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Nobody loves getting their teeth checked and worked on, but it’s a necessity if you want to maintain your health. If you’ve recently been to the dentist and now you’re visiting an orthodontist like, you may be wondering why you need another round of x-rays. Whether you’re getting an Invisalign treatment or you need a serious jaw problem fixed, you may need to have an x-ray taken. Here’s what to expect.
What Is an X-Ray?
An x-ray, also called a radiograph, is an image that’s created when a radiation beam passes through the body and to a sensor. On old x-ray machines, the radiation would hit film. X-rays are able to create images that show how dense the tissues in the mouth are. Also, the shadows that are cast show if there’s an object that can’t be seen with the naked eye.
Some people are concerned with the safety of x-rays and don’t want to expose themselves to harm. For this reason, many will avoid having necessary dental work done, which could result in more serious and painful teeth and jaw problems. Truthfully, even three x-rays throughout the scope of dental treatment exposes the patient to less radiation than they’d get on just one airline flight.
X-Rays in Dentistry vs. Orthodontics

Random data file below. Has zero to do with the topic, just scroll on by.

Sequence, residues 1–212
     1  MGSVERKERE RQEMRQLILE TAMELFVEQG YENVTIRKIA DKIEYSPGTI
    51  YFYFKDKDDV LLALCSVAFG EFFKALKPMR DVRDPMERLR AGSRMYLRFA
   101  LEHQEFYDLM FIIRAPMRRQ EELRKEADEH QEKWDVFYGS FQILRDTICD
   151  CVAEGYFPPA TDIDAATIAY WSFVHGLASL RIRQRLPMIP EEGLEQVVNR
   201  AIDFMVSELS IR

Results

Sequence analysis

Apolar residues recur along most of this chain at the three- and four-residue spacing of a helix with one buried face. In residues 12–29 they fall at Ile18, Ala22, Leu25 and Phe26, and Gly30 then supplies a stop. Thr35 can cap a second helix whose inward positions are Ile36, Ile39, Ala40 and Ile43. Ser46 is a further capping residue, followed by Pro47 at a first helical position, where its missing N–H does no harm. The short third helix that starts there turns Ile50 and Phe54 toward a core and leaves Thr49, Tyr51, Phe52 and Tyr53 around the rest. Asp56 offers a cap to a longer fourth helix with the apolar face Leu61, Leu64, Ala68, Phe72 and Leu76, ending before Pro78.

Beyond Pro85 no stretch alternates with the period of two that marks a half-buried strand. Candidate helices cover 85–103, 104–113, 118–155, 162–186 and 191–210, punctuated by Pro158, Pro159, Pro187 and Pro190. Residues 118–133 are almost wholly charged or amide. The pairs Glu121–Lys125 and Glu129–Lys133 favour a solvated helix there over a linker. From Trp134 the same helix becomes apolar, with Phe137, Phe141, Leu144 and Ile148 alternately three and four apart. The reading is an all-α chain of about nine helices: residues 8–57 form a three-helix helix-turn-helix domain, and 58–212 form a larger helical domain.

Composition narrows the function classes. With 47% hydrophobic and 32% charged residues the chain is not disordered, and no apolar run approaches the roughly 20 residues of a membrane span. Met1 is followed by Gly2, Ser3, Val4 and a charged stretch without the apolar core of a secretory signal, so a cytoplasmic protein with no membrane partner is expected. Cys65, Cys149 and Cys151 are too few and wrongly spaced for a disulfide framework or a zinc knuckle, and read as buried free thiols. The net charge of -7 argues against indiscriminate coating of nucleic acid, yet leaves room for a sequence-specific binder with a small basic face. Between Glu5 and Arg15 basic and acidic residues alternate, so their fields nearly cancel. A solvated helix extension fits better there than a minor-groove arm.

Your orthodontist may use x-rays for the same reasons why a general dentist would use them. A bitewing x-ray shows a detailed image of a group of teeth, letting the medical professional see how healthy the enamel, roots and canals are. Fillings and enamel, which are dense, will appear white on the x-ray. Bone, root canals and decay aren’t nearly as dense and thus will appear darker.
While an orthodontist is not a dentist, they may be focused on the same things as a dentist, like identifying any present mouth problems, such as tumors and abscesses. Their main goal isn’t always straightening the teeth; sometimes there are more serious issues that need to be dealt with. Sometimes, these pathologies are first identified by the orthodontist, not the dentist.
Diagnosing and Treating Orthodontic Problems
X-rays can help to diagnose and treat orthodontic issues. These x-rays will often focus on the form and position of the jaws and teeth, not necessarily on individual teeth or bitewings. The teeth issues that are of most interest are missing or extra teeth, impacted teeth, or roots that are misshapen in some way. Jaw problems may include bones that are too large, too small, off-center, far apart or too close together. The x-ray offers important information to help the medical professional figure out where the problem is originating from and, in turn, how to best correct it. The x-ray will show the size, position and shape of the bone and teeth, helping to determine if extraction or surgery is necessary.
Monitoring Treatment and Progress
An x-ray may be taken throughout treatment to measure how well the treatment is working. Effects of orthodontic treatment may not be obvious without the help of an x-ray. For example, in about 2% of people, moving teeth can make the roots shorter. It’s important to regularly check how treatment is progressing; if the teeth movement is causing a root problem, the doctor will need to know when to stop moving the teeth.